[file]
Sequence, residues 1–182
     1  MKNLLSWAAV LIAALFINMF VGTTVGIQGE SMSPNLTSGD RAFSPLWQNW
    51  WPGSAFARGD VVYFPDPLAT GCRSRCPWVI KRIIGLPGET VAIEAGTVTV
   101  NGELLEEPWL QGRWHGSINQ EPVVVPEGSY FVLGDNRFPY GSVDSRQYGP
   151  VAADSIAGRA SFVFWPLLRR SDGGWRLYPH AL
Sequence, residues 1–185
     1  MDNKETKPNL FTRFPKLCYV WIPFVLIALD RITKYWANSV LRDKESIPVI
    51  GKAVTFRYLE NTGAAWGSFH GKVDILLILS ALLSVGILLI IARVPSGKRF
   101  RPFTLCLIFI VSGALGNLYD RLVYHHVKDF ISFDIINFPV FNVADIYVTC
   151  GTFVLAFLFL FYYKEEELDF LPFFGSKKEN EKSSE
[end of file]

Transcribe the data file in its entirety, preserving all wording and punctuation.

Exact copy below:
Sequence, residues 1–182
     1  MKNLLSWAAV LIAALFINMF VGTTVGIQGE SMSPNLTSGD RAFSPLWQNW
    51  WPGSAFARGD VVYFPDPLAT GCRSRCPWVI KRIIGLPGET VAIEAGTVTV
   101  NGELLEEPWL QGRWHGSINQ EPVVVPEGSY FVLGDNRFPY GSVDSRQYGP
   151  VAADSIAGRA SFVFWPLLRR SDGGWRLYPH AL
Sequence, residues 1–185
     1  MDNKETKPNL FTRFPKLCYV WIPFVLIALD RITKYWANSV LRDKESIPVI
    51  GKAVTFRYLE NTGAAWGSFH GKVDILLILS ALLSVGILLI IARVPSGKRF
   101  RPFTLCLIFI VSGALGNLYD RLVYHHVKDF ISFDIINFPV FNVADIYVTC
   151  GTFVLAFLFL FYYKEEELDF LPFFGSKKEN EKSSE